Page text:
Akbar the great Mughal ruler had some square coins which are rather beautiful but nothing other than calligraphy appears on both sides. So which is the obverse? That is for our squarecoinman to research.

Old man , that was one of the reasons , another are some Arabian coins , and some Moorish coins

regards Squarecoinman
Title: Re: Obverse and reverse
Post by: paisepagal on August 24, 2012, 08:38:14 AM
Dear Friends

One of the forum members has suggested that side of Indian Commemorative coins carrying busts of leaders like Nehru, Gandhi, Tagore, Rajiv, Bose etc may be treated as Obverse. He feels that second side having denomination plus our national emblem be treated as Reverse.

I and others feel that as per the convention, our Ashoka Lion Pillar indicates the authority and it is a constant/continuous symbol of state.  By this logic this side should be reverse.

You are requested to inform if there are examples elsewhere when a bust of dead person (different from bust of living issuing authority) gets precedence over national symbols?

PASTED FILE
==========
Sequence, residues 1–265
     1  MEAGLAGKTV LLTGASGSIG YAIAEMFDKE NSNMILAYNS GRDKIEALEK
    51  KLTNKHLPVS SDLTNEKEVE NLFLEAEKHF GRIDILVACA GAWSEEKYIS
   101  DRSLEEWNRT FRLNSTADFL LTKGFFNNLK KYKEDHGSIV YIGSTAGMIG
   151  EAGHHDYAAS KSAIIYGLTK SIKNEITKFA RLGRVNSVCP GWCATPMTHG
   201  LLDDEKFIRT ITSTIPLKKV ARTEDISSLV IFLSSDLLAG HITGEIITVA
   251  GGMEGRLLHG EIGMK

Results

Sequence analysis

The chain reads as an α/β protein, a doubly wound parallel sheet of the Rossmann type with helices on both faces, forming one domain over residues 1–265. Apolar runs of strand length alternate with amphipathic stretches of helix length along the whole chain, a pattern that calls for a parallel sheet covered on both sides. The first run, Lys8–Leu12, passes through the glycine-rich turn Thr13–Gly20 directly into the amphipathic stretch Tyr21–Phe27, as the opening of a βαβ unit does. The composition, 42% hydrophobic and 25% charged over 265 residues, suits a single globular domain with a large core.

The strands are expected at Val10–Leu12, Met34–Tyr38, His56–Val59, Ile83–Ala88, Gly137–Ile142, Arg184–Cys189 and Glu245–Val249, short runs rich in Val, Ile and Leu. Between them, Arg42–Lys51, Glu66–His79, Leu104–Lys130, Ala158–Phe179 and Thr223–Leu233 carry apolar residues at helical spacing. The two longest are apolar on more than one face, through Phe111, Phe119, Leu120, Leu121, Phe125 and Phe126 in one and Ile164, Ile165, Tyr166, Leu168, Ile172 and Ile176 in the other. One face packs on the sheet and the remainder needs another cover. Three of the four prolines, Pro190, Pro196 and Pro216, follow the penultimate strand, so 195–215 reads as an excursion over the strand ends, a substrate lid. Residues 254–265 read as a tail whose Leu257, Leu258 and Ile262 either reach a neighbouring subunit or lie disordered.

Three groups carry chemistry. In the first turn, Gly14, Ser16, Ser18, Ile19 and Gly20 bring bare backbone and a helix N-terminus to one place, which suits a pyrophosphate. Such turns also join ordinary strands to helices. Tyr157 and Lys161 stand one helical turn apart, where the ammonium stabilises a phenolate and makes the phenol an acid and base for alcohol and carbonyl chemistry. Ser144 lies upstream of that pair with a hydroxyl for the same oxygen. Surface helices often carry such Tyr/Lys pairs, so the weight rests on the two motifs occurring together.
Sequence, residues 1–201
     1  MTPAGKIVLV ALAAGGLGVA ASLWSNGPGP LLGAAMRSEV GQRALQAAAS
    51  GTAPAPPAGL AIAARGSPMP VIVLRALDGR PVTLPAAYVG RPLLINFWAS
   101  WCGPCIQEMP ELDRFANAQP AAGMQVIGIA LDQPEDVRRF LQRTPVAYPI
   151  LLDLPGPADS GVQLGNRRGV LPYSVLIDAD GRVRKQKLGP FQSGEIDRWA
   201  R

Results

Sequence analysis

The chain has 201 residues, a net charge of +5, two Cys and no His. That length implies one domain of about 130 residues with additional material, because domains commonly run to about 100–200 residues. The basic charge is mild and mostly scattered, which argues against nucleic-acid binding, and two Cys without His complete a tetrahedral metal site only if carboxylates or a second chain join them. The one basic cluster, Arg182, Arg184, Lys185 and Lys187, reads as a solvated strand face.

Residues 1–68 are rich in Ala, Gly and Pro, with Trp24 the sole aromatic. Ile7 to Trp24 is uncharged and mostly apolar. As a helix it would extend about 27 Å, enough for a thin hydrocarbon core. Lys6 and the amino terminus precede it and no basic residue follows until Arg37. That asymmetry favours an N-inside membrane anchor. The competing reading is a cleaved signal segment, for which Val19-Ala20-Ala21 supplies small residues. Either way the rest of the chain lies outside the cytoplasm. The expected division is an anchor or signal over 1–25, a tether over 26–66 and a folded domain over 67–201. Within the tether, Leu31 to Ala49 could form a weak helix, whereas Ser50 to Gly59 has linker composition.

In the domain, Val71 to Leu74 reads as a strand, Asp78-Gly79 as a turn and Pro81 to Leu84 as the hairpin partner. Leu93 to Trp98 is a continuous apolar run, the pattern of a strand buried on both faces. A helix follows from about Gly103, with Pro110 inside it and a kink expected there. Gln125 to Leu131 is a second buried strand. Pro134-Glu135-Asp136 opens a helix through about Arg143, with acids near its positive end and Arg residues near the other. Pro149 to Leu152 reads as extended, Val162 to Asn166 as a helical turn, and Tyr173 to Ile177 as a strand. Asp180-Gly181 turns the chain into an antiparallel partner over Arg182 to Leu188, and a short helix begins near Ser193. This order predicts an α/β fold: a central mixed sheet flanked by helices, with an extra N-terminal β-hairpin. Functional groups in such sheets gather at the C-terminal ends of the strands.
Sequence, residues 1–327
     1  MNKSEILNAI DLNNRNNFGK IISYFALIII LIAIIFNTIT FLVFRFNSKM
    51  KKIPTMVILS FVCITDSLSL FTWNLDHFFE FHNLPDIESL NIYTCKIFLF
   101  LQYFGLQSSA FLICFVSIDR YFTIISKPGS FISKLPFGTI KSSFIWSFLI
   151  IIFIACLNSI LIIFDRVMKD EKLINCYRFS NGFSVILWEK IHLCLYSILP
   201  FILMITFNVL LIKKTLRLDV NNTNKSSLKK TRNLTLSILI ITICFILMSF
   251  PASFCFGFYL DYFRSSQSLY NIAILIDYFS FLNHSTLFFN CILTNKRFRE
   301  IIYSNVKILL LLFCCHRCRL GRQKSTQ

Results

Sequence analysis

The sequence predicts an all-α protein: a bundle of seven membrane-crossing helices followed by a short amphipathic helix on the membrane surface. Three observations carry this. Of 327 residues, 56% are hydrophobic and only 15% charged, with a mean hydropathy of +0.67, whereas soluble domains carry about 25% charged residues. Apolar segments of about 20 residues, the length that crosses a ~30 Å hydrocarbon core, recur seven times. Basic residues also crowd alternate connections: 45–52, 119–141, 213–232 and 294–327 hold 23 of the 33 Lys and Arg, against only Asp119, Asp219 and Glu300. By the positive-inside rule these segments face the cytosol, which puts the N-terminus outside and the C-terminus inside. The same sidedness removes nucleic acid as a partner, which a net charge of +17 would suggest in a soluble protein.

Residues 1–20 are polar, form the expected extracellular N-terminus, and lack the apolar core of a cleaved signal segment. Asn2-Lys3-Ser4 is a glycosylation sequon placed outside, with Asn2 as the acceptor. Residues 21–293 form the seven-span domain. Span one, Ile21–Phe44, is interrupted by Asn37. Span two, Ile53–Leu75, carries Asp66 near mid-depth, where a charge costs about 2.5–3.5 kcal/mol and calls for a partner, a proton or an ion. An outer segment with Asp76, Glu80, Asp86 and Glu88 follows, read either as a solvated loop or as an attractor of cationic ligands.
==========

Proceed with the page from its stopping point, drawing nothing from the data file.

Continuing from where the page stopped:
Regards
Sanjay Kansal

An old topic, but new insights for me...until a few years ago, I also use to think that the denomination indicates the reverse while the obverse was the other side. However, as a couple of posts here indicate, the obverse is the 'important side' that carries the issuing authorities name . In this case, that would be "INDIA" and to a lesser extent the Ashoka lion as the symbol. This principle really clarifies it for me! And I do think it is important to note.
There is no doubt though on which side is which, as i've uploaded pictures of various sets in the Personalities and Events (http://www.worldofcoins.eu/forum/index.php/topic,9865.msg66547.html#msg66547) thread in the Post 1947 India section. 
An example below

(http://a6.sphotos.ak.fbcdn.net/hphotos-ak-snc7/302050_10150470313890943_536160942_10823177_1401937205_n.jpg)
Title: Re: Obverse and reverse
Post by: asm on August 25, 2012, 03:29:23 AM
Akbar the great Mughal ruler had some square coins which are rather beautiful but nothing other than calligraphy appears on both sides. So which is the obverse? That is for our squarecoinman to research.
Since scm has his reply, I take the liberty to reply this one. On the coins of the Mughals as for all others, we always presume the that the face which has the name of the higher authority is the obverse. So for the Kalima type coins of Akbar, the side with the Kalima is the obv. For the Ilahi side, the side with the Ilahi date etc is the reverse......... (I hope I have it correct - but that is what I have learn't in the few years that I have been around on WoC)

Amit
Title: Re: Obverse and reverse
Post by: Kushi on August 07, 2014, 11:01:38 PM
This subject has really been overworked. However, here's an example of what makes life interesting.